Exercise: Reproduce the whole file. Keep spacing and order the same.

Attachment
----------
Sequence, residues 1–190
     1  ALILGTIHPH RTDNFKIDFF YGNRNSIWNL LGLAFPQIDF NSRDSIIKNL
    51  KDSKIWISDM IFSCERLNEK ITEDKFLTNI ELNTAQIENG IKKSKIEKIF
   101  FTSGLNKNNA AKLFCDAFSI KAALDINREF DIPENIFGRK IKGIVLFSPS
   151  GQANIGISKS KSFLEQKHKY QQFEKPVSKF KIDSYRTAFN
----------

Sequence, residues 1–190
     1  ALILGTIHPH RTDNFKIDFF YGNRNSIWNL LGLAFPQIDF NSRDSIIKNL
    51  KDSKIWISDM IFSCERLNEK ITEDKFLTNI ELNTAQIENG IKKSKIEKIF
   101  FTSGLNKNNA AKLFCDAFSI KAALDINREF DIPENIFGRK IKGIVLFSPS
   151  GQANIGISKS KSFLEQKHKY QQFEKPVSKF KIDSYRTAFN